|Metatranscriptomic Evidence for Direct Interspecies Electron Transfer between Geobacter and Methanothrix Species in Methanogenic Rice Paddy Soils.
|Year of Publication
|Holmes DE, Shrestha PM, Walker DJF, Dang Y, Nevin KP, Woodard TL, Lovley DR
|Appl Environ Microbiol
|2017 May 01
|Carbon Dioxide, Electron Transport, Fimbriae Proteins, Gene Expression Profiling, Geobacter, Metagenome, Methane, Methanosarcinaceae, Oryza, Soil Microbiology
The possibility that (formerly ) and species cooperate via direct interspecies electron transfer (DIET) in terrestrial methanogenic environments was investigated in rice paddy soils. Genes with high sequence similarity to the gene for the PilA pilin monomer of the electrically conductive pili (e-pili) of accounted for over half of the PilA gene sequences in metagenomic libraries and 42% of the mRNA transcripts in RNA sequencing (RNA-seq) libraries. This abundance of e-pilin genes and transcripts is significant because e-pili can serve as conduits for DIET. Most of the e-pilin genes and transcripts were affiliated with species, but sequences most closely related to putative e-pilin genes from genera such as , , , and , were also detected. Approximately 17% of all metagenomic and metatranscriptomic bacterial sequences clustered with species, and the finding that spp. were actively transcribing growth-related genes indicated that they were metabolically active in the soils. Genes coding for e-pilin were among the most highly transcribed genes. In addition, homologs of genes encoding OmcS, a -type cytochrome associated with the e-pili of and required for DIET, were also highly expressed in the soils. species in the soils highly expressed genes for enzymes involved in the reduction of carbon dioxide to methane. DIET is the only electron donor known to support CO reduction in Thus, these results are consistent with a model in which species were providing electrons to species for methane production through electrical connections of e-pili. species are some of the most important microbial contributors to global methane production, but surprisingly little is known about their physiology and ecology. The possibility that DIET is a source of electrons for in methanogenic rice paddy soils is important because it demonstrates that the contribution that makes to methane production in terrestrial environments may extend beyond the conversion of acetate to methane. Furthermore, defined coculture studies have suggested that when species receive some of their energy from DIET, they grow faster than when acetate is their sole energy source. Thus, growth and metabolism in methanogenic soils may be faster and more robust than generally considered. The results also suggest that the reason that species are repeatedly found to be among the most metabolically active microorganisms in methanogenic soils is that they grow syntrophically in cooperation with spp., and possibly other methanogens, via DIET.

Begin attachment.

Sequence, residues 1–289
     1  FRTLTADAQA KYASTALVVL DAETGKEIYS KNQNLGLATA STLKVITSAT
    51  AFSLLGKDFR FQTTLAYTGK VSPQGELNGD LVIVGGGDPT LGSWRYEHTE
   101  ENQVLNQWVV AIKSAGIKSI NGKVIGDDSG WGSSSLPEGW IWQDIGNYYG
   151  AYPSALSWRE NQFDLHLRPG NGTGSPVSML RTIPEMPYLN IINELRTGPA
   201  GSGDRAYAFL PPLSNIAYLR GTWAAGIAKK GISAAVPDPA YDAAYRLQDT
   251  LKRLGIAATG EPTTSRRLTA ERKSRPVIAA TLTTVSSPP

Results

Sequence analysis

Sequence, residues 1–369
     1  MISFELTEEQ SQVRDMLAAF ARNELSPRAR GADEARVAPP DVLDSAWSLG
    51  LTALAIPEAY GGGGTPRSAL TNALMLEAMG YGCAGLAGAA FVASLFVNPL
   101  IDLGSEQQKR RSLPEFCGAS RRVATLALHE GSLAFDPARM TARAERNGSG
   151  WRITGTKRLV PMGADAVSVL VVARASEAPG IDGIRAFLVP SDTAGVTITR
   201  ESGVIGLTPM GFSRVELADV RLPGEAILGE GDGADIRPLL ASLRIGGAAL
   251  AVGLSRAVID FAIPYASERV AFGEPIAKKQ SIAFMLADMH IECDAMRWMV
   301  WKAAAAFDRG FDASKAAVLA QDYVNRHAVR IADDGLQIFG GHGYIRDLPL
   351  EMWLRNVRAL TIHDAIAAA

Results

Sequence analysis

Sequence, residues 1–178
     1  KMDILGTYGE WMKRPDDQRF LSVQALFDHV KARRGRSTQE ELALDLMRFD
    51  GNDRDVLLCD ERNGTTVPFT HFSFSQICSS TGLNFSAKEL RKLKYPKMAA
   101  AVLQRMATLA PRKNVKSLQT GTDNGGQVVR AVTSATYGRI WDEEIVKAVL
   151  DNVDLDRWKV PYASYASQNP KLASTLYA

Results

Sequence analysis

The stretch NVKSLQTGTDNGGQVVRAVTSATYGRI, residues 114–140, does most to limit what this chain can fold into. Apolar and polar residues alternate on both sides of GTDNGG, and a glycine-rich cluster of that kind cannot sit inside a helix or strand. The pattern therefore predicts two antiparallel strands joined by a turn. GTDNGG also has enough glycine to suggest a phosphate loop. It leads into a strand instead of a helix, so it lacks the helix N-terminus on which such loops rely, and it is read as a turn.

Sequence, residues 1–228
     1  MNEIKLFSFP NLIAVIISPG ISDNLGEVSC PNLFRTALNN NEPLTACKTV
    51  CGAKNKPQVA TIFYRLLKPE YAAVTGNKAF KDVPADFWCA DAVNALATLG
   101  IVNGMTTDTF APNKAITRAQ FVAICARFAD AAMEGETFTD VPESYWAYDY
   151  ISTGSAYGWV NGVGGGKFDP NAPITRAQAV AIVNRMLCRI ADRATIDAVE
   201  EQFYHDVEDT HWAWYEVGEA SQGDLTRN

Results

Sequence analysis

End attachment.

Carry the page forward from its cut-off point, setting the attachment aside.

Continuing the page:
|Appl Environ Microbiol
|PubMed Central ID